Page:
Cabo San Lucas (11/29-12/2): We next traveled from Bahia Santa Maria to Cabo San Lucas (178 nm, 33 hours), which is at the southern tip of the Baja Peninsula. When we left Bahia Santa Maria, we were hoping that we would have a weather window to travel to Puerto Vallarta on the mainland without stopping in Cabo. Cabo is a nice enough town if you like loud music and timeshare salesmen, but it wasn't a place we felt compelled to stop. However, there were strong north winds blowing down the Sea of Cortez, with big seas, so we dropped our anchor in the bay at Cabo, which was very rolly for a couple of nights. When we got word that the weather was calming down, we were ready to leave. The evening before our departure, Bob & Kay invited us over to Kay II ostensibly to go over the charts and plan our voyage. The true reason for the invitation, however, was to celebrate Jan's birthday, and they surprised her with a cake. We celebrated a couple of days early since we would be at sea on the actual day (12/3).
Cabo San Lucas to Banderas Bay (12/2-12/4): From Cabo San Lucas, we crossed the southern end of the Sea of Cortez to Banderas Bay (Puerto Vallarta) on the Mexican mainland (278 nm, 50 hours). Although we filled our fuel tanks before we left Cabo, we were hoping to sail a good portion of the way. We were not disappointed. We motored for the first few hours out of Cabo, but when we got away from the land, the wind picked up. The first night, we had between 15 and 20 knots of wind off our port quarter. The seas were a little rolly, but we were sailing and making great time. The next day, the wind abated slightly, and the seas laid down. It was a perfect sailing day, and it was Jan's birthday. Early the next morning, as we got closer to the mainland, the wind started to die, so we turned on our engines and motor-sailed in order to get into the Punta de Mita anchorage by sunset. We dragged a fishing line on this passage but caught no fish. We did, however, catch a bird - not a good thing! The aptly-named boobie bird saw our lure, thought it was a fish, dove on it and got the hook caught in his beak. Jan slept through all this excitement, but Rich managed to free the bird and keep his lure.
Puerto Vallarta (12/4-12/15): We arrived in Banderas Bay just before sunset on 12/4 and dropped our anchor at Punta de Mita, just inside the north end of the Bay. The next day, we motored two hours further into the bay to the anchorage at La Cruz. La Cruz is a small town about 15 miles outside of Puerto Vallarta. We have good friends who live in P.V. - Kathy and Allen who were our neighbors for six months in Ensenada. When they moved to P.V., Kathy was three months pregnant, and their son Morgan was born in April 2004. Jan spent some girlfriend time with Kathy, who took her sightseeing downtown and bought her a birthday present - some snowflake Christmas decorations for Slip Away. Also, Allen and Kathy brought their boat (Love Song) out to anchor by us in La Cruz for a few days, so we had a great opportunity to spend time together. Several other cruising friends whom we met either in Ensenada or on the way down the Baja were in the Puerto Vallarta area, so there was lots of socializing to do. When we got to Puerto Vallarta, the water was finally warm enough to swim, which made us very excited, until we got stung by jellyfish. Bummer! After 10 days in La Cruz, it was time for us to be on our way to meet our friends Bob & Janey in Zihuatanejo for Christmas.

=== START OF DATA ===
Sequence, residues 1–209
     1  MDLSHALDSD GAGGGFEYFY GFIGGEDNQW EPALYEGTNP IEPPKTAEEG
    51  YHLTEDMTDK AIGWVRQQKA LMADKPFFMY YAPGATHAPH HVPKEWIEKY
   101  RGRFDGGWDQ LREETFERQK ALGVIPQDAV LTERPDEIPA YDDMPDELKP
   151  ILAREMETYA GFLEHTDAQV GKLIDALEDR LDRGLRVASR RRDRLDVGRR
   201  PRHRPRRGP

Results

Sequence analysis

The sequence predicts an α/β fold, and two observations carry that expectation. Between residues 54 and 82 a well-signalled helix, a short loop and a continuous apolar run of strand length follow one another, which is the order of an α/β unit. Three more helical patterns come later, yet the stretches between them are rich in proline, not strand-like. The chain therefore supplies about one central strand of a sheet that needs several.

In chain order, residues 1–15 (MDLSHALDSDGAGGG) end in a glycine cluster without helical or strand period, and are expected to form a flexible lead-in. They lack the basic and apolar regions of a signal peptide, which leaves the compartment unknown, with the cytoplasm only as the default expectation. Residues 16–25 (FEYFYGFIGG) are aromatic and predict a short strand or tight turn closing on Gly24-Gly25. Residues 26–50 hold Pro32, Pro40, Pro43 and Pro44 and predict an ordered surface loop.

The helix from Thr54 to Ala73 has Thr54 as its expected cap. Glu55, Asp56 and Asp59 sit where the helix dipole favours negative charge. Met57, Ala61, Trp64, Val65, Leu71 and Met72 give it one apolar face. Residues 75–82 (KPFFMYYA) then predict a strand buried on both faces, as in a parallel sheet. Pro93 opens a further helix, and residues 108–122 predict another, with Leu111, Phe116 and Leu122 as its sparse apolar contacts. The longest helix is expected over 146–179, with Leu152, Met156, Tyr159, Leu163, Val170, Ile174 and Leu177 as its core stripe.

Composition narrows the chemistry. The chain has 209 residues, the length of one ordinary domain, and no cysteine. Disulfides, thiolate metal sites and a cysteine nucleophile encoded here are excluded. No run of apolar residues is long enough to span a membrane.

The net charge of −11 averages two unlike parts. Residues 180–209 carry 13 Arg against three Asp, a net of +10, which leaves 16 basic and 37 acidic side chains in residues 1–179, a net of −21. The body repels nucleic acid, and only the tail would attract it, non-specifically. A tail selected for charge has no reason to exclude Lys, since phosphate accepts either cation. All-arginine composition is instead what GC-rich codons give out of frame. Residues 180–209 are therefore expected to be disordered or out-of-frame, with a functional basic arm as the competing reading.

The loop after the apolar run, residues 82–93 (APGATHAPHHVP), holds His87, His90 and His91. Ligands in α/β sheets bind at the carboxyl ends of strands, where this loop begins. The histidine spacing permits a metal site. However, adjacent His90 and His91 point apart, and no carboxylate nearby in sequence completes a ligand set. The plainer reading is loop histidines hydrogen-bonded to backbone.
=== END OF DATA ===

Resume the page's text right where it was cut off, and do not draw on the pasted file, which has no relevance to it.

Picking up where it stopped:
Tenacatita Bay (12/16-12/19): Winds were predicted to be light and variable for our trip from Banderas Bay to Tenacatita (123 nm, 26 hours), but we got lucky and found some wind to sail for a few hours. When we arrived in Tenacatita, we felt like we finally made it to the tropics. The air and water were warm, and we swam and didn't get stung by jellyfish. We took our dinghy up a jungle river cruise here. It was like being at Disneyland, except this was the real thing. We also got out our snorkeling gear and enjoyed checking out the underwater life.
Tenacatita to Zihuatanejo (12/19-12/21): We had very little wind on our trip from Tenacatita to Zihuatanejo (218 nm, 48 hours), so it was a motor trip most of the way. We did set our spinnaker for about an hour, but the winds weren't consistent enough to keep it flying. Seas were glassy calm, though, so it was an easy passage. We also noticed the temperature getting warmer on this passage. When we arrived in Zihua four days before Christmas, the air temperature was about 90, and the sea temperature was 89. Anyone who wants a tropical Christmas - this is the place to go! We were dragging our fishing line and getting a little frustrated because we hadn't caught anything since that heyday on our way into Asuncion (a month ago!). However, a few hours before arriving in Zihua, our fishing prayers were answered. Jan was off watch and sleeping soundly when Rich woke her to ask for help in reeling in a big fish that was on the line. Bleary-eyed, Jan managed to get the gaff, and we got the dorado on board. It was about 4 feet long, and we estimated that he weighed about 30-35 lbs. When we arrived in Zihuatanejo, our friend Bob on Amiga (a fishing trawler), helped us clean and filet the fish. We enjoyed the dorado for about a month.
Zihuatanejo (12/21/04-2/16/05): When we arrived in Zihuatanejo, we settled in to stay for a while. There's lots to explore in this area, and the weather was ideal for swimming, snorkeling and diving. "Rick's Bar" is a cruisers' hangout in town, and we enjoyed Christmas Eve dinner there and met a number of new people. We spent Christmas Day with our friends Bob and Janey, and Bob's daughter Chris, on their boat Amiga. We went out fishing in the morning and enjoyed a turkey dinner late in the afternoon. By the time New Year's rolled around, Rich was getting over a cold and Jan was starting with it, so we had a very quiet New Year's Eve - at least until the fireworks started at midnight. We enjoyed Zihua and will definitely go back. However, we found it to be too hectic during the holidays - too many jet skis, banana torpedo rides, and parasailers running around in the bay. We'll seek out a quieter location for Christmas and New Year's weeks next year.